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Could acupuncturists help administer COVID-19 vaccines in Washington?

The CEO for the Washington State Hospital Association suggested acupuncturists could have the skills necessary to help get the population vaccinated for COVID-19.

TACOMA, Wash — Healthcare workers in Washington are optimistic following the approval of a new COVID-19 vaccine by Johnson & Johnson, making three vaccines, including Pfizer and Moderna, now available. 

The state is getting ready to take in more doses of the vaccine. But some are wondering if the need arises, who could be qualified to administer the vaccines once they arrive? 

During a virtual press conference Monday, Washington State Hospital Association CEO Cassie Sauer said acupuncturists were high on the list of professionals with the necessary training and experience to fill out the pool of people who could give vaccinations.

“We spend a lot of time in the professional regulations… so we’ve been scoring them to see who handles needles and has blood-borne pathogen training,” Sauer said.

Stephanie Gianarelli, who’s been practicing acupuncture for over 20 years, said that is welcome news.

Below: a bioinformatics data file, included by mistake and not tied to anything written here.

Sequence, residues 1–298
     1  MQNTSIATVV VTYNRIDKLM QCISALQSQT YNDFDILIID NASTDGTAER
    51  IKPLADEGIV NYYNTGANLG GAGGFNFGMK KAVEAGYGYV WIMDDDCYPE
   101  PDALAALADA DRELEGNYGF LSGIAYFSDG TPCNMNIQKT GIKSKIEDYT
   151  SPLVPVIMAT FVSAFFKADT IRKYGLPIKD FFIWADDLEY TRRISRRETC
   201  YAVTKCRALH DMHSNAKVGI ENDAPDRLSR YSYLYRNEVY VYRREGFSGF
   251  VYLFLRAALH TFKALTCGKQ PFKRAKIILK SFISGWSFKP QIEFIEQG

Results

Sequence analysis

“I think it’s great!” Gianarelli said.

As the Director of Acupuncture Northwest and Associates, Gianarelli has clinics in Seattle and Tacoma, and spends her time helping her clients find different ways to improve their health.

Also thanks to recent changes in the law regarding what acupuncturists can do, her field provides its practitioners the right tools to jump in and help with vaccines.

Gianarelli trained for point injections in New Mexico, and about five years ago, that therapy became something Washington acupuncturists could get certified for. 

“So there’s a pool of acupuncturists who are point injection therapists, and they have up-to-date training, they do it all the time, and I think that’d be a great place to start,” Gianarelli said.

Sauer said, right now coronavirus vaccine providers throughout Washington state have had enough people to give the shots available, but that could change.

"We may not need them — we’ve had a lot of retired staff come forward and want to work in vaccine clinics — but we’re just thinking about if the pool of volunteer vaccinators does dry up a bit, who else could be helpful?” Sauer said.

Gianarelli said just being included in a discussion like this shows a changing attitude among medical practitioners towards her profession.

“I think that we’re slowly being integrated into the medical community, and I think that’s great for both Western medicine and Eastern medicine.”

Gianarelli wants to help in the hopes of putting the national coronavirus crisis behind us.

“We’re in a place we’ve never been before. And it’s going to take all of us to work together to find a solution to get ourselves out of this, And if acupuncturists, who put needles in people all day can help, great, let’s all do it!”

RELATED: LIST: Mass COVID-19 vaccine sites in western Washington